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Publication numberUS20090111422 A1
Publication typeApplication
Application numberUS 12/262,657
Publication dateApr 30, 2009
Filing dateOct 31, 2008
Priority dateOct 31, 2007
Publication number12262657, 262657, US 2009/0111422 A1, US 2009/111422 A1, US 20090111422 A1, US 20090111422A1, US 2009111422 A1, US 2009111422A1, US-A1-20090111422, US-A1-2009111422, US2009/0111422A1, US2009/111422A1, US20090111422 A1, US20090111422A1, US2009111422 A1, US2009111422A1
InventorsGordon Bremer, Patrick M. Murphy
Original AssigneeGordon Bremer, Murphy Patrick M
Export CitationBiBTeX, EndNote, RefMan
External Links: USPTO, USPTO Assignment, Espacenet
Control Systems and Methods for a Personal Communication Device (PCD)
US 20090111422 A1
Abstract
Control systems and methods are provided for controlling a personal communication device (PCD), such as a wireless telephone, personal data assistant (PDA), etc. The control systems and methods enable the controlled PCD (CPCD): (1) to determine (a) CPCD motion (speed, acceleration, or both) and/or (b) geographical location and (2) to (a) modify (enable, disable, and/or otherwise change) one or more CPCD functions based at least in part on the CPCD motion and/or geographical location and/or (b) communicate an alert (locally and/or to a remote communication device). The control of CPCD functions and alerts may also be dependent on other factors, such as the laws of the authoritative legal jurisdiction wherein the CPCD is located. The operation of the following CPCD functions can be modified, as nonlimiting examples: keypad, image display, microphone, speaker, camera, voice call out, voice call answer, text message creation, text message transmission, text message reception, email creation, email reception, image creation, image reception, Internet browsing, gaming, ring signal operation, communication signal transmission, and communication signal reception.
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Claims(56)
1. A controlled personal communication device (CPCD), comprising:
means for determining motion information associated with the CPCD; and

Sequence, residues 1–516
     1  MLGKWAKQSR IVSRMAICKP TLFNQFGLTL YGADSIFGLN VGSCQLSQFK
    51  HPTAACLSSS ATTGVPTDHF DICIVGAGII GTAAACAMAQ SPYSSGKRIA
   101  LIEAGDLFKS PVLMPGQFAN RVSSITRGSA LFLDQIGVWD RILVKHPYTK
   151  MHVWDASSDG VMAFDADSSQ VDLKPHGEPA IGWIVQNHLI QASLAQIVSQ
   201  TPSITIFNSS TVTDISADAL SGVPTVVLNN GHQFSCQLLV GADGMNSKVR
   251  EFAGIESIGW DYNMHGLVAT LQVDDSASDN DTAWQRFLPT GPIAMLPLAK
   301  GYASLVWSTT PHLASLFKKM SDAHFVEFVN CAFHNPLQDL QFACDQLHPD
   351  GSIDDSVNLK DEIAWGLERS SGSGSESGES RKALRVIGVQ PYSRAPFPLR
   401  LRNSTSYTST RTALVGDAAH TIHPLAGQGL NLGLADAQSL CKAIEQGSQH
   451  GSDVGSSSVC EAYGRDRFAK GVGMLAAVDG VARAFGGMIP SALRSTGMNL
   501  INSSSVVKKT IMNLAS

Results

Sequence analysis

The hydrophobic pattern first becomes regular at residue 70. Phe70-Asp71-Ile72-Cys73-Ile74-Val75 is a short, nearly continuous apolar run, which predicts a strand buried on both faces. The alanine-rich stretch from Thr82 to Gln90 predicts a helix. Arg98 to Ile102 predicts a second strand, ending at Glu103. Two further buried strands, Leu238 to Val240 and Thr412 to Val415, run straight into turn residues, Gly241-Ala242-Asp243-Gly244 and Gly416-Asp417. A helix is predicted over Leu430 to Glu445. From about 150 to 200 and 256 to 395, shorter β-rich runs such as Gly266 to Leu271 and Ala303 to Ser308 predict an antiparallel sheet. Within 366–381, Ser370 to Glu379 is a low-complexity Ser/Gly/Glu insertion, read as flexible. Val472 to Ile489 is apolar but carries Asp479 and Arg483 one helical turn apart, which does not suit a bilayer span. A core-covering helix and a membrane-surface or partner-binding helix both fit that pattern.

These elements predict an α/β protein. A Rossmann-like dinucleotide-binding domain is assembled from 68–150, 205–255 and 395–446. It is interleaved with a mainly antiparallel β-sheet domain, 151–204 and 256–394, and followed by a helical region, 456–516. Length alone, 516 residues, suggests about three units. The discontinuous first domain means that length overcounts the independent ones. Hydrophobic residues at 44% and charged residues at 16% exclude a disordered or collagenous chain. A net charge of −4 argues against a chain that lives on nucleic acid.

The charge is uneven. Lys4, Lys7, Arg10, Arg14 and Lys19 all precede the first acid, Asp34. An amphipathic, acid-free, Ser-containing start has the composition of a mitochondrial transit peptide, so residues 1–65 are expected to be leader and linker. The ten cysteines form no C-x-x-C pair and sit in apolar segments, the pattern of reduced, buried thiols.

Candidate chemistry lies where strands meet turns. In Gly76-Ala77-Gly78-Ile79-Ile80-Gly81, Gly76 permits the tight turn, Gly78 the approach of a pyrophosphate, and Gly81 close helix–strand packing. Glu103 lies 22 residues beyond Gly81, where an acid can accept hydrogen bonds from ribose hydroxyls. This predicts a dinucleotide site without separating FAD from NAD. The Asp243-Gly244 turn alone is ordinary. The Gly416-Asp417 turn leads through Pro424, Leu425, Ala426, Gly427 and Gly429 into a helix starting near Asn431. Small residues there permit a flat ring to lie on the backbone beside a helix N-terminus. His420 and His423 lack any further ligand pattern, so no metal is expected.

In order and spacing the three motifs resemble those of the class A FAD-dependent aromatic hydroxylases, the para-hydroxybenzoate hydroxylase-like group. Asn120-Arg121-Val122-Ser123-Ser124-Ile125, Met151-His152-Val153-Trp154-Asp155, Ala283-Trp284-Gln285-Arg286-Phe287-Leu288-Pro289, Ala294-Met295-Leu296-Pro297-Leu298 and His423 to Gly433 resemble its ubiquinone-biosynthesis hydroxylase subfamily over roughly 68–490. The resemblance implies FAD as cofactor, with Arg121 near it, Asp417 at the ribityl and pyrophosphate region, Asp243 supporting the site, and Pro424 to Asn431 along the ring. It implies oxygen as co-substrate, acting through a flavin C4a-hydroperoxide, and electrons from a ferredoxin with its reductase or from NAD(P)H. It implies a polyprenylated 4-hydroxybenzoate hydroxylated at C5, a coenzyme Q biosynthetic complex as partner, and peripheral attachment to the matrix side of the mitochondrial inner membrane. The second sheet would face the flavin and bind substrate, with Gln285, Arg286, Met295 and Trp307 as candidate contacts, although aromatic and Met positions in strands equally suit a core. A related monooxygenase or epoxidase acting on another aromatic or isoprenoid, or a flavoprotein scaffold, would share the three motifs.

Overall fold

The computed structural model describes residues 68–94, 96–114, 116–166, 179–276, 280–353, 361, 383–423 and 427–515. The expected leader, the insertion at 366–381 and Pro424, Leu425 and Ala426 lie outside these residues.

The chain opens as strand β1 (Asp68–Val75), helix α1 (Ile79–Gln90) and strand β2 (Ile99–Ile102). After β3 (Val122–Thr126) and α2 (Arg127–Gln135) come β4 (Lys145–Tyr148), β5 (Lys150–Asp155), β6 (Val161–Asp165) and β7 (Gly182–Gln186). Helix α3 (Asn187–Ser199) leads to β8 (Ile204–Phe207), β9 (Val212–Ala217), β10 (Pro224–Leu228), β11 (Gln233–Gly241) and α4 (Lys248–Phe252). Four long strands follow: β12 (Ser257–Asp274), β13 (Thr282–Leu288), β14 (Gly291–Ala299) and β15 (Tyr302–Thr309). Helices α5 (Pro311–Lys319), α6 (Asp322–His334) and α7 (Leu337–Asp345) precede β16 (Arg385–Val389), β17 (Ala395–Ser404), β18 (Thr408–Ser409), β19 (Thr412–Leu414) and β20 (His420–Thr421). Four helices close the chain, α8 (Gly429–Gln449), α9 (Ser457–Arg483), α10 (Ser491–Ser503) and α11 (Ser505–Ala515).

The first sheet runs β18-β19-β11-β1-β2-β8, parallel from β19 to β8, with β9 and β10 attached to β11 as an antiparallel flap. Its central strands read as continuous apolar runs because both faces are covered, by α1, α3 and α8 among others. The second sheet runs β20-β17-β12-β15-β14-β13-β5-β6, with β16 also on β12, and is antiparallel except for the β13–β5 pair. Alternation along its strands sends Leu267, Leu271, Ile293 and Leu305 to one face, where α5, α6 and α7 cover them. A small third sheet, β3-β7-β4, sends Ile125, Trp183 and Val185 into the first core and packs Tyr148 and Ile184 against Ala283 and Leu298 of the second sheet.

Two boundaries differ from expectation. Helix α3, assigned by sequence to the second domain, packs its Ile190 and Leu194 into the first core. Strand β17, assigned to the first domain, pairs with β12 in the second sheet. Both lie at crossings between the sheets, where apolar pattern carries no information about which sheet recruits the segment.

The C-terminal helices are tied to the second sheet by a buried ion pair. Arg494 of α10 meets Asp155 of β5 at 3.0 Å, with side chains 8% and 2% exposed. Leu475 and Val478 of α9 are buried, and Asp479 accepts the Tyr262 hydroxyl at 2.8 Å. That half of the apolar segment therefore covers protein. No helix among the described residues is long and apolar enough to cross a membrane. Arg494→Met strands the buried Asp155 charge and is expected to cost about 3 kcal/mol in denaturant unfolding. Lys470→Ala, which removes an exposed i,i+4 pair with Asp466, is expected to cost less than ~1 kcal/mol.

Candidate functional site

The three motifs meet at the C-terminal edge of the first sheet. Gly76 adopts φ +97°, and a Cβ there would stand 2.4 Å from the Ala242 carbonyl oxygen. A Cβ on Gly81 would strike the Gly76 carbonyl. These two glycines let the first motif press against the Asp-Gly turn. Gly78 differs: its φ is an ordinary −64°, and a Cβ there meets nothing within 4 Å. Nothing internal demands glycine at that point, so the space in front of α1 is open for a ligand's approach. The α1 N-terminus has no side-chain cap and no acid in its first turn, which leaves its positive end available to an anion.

means for modifying operation of a CPCD function based at least in part upon the motion information.
2. The CPCD of claim 1, wherein the CPCD function is at least one of the following: keypad, image display, microphone, speaker, camera, voice call out, voice call answer, text message creation, text message transmission, text message reception, email creation, email reception, image creation, image reception, Internet browsing, gaming, ring signal operation, communication signal transmission, and communication signal reception.
3. The CPCD of claim 1, wherein the modifying means disables a communication function based upon the motion information and a predetermined threshold for the motion information.
4. The CPCD of claim 3, further comprising a means for re-enabling the communication function when a user attempts an emergency call so that the emergency call can be made by the user via the communication function.
5. The CPCD of claim 1, further comprising a means for receiving a CPCD function requirement associated with a legal jurisdiction and wherein the modifying means modifies the CPCD function based upon the legal jurisdiction requirement in addition to the motion information.
6. The CPCD of claim 1, wherein the determining means further comprises a GPS receiver and a means for computing speed based upon measured GPS information and wherein the motion information is indicative of speed.
7. The CPCD of claim 1, wherein the determining means further comprises a GPS receiver and a means for computing acceleration based upon measured GPS information and wherein the motion information is indicative of acceleration.
8. The CPCD of claim 1, further comprising: